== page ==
At its best our species does courage, creativity and trust. At its worst it excels at greed,stupidity and violence. Last night Melbourne Playback Theatre Company (MPTC) displayed enormous quantities of the former to illuminate one symptom of the latter – climate change.
The event’s format captured our dilemma nicely. The first half was taken up with brief speeches from a climate scientist (Prof David Karoly), a renewables proponent (Stephen Bygrave), an activist (Isabella Morand) and a writer(Marita Davies). Each spoke from the heart about what concerns them, what drives them. Each was able to impart a sense of danger and urgency without despairing. There was then time for a few questions, which they dealt with pretty well.
So far so conventional – we’ve all been at these sorts of events, with a sage (or three) on the stage, an audience that is ego-fodder,
all premised on the ‘information deficit’ model. But the second half of the evening broke important new ground.
Danny Diesendorf of MPTC had the audience shouting out words that described their thoughts and emotions based on what they heard so far, and riffed briefly and intelligently on these. Then the real fun started – the four actors and two musicians on the stage would ‘act out’ (zero preparation time) what they’d just heard from the audience, in movement, song and speech. [Declaration of interest – they did my ‘smugosphere‘ brilliantly].
Finally, Diesendorf asked for people willing to come up on stage and ‘tell a story’. They would choose one of the four actors to be them in the forthcoming performance, and then Diesendorf would gently and expertly probe, getting the audience member to give concrete details that the actors could work with. My friend Toni was first up, and the story of her time in Peru, working with locals while the glaciers melt, was beautiful. David Karoly’s wife spoke of the support networks that academics need (hopefully not as extreme as Jacques Derrida!). The last story, on the subject of class, consumerism and desire for comfort, was brilliantly executed and a suitably ambiguous point on which to end.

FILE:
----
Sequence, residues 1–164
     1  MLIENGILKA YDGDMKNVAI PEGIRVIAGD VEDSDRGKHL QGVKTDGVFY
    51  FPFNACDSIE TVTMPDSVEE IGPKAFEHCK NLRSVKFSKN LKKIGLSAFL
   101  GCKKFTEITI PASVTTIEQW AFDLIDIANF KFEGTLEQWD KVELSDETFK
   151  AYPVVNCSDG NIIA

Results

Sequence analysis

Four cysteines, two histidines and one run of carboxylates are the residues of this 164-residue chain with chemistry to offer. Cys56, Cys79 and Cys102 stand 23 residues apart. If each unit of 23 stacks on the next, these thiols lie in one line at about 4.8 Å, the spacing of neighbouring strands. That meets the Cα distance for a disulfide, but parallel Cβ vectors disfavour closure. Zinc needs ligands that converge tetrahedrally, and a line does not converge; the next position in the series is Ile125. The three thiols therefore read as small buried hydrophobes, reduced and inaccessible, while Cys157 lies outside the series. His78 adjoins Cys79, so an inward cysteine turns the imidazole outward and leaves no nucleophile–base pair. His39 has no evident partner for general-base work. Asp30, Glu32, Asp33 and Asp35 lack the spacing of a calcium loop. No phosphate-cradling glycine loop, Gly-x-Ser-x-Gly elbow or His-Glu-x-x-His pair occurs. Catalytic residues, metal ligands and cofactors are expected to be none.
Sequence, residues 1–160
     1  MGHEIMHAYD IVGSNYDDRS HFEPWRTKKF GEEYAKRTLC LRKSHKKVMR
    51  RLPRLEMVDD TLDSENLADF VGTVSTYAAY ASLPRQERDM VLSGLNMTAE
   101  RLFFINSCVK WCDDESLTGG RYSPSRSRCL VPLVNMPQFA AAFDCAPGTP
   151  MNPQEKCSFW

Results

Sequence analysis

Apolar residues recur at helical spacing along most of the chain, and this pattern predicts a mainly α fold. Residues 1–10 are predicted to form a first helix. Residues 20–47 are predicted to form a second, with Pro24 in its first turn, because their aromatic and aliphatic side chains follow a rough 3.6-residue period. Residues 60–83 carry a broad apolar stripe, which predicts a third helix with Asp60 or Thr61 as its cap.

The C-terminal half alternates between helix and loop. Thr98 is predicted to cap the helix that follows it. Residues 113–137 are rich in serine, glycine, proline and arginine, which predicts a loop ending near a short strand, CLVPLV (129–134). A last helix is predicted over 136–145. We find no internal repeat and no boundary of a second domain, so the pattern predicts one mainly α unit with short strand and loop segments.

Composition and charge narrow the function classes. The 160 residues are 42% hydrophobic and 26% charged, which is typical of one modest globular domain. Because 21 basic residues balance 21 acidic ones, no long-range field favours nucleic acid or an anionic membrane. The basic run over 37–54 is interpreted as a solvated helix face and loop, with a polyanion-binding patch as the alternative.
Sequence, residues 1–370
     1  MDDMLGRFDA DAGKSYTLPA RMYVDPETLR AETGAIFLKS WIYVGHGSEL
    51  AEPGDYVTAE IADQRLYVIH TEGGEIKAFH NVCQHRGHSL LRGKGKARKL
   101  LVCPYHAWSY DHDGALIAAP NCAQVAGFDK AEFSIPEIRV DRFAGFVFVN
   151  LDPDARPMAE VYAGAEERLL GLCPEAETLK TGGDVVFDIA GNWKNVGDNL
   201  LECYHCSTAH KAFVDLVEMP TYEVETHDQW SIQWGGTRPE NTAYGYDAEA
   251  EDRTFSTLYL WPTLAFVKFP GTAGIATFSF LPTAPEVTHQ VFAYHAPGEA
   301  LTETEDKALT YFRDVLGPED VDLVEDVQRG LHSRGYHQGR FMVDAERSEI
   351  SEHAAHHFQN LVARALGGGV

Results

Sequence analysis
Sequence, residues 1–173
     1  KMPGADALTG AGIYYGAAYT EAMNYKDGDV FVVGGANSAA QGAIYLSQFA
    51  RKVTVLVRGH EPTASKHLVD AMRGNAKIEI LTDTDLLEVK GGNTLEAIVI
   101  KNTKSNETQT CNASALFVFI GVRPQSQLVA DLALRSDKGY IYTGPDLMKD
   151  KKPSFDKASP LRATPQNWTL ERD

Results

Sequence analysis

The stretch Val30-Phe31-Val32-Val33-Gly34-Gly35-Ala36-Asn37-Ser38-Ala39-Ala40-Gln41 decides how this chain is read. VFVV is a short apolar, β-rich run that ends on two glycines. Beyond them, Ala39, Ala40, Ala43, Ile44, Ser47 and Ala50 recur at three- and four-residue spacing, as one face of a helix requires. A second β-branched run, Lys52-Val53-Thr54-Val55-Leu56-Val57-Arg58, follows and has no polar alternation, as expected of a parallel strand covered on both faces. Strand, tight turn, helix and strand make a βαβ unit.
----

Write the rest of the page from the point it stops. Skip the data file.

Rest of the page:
The level of technical proficiency among the actors and musicians was, naturally, extremely high. This sort of high-wire work demands enormous skill and courage. When it is done well- and the gods are smiling – it looks easy and effortless. It most certainly is not.
MPTC has been around for over thirty years, (think Improv and Boal) and this is the first – but surely not last – time that they’ve tackled the every-growing elephant in the ever-shrinking room. It would be incredibly powerful if one or more of the big environmental beasts (I’m looking at you, Australian Conservation Foundation, Greenpeace, The Wilderness Society etc) would work with MPTC to take a show like this ‘on the road’ around (regional) Australia. Soon (yesterday would be good).
PS The question of sustained and sustainable activism came up. Given there are at any one time a small number of people ‘active,’ it’s really important to welcome ‘new’ people when they turn up at an event/protest, thank them for coming, find out what they can offer. Otherwise they just walk away to do something else, and they’ve been decruited. Yes, decruited. Decruited, got it?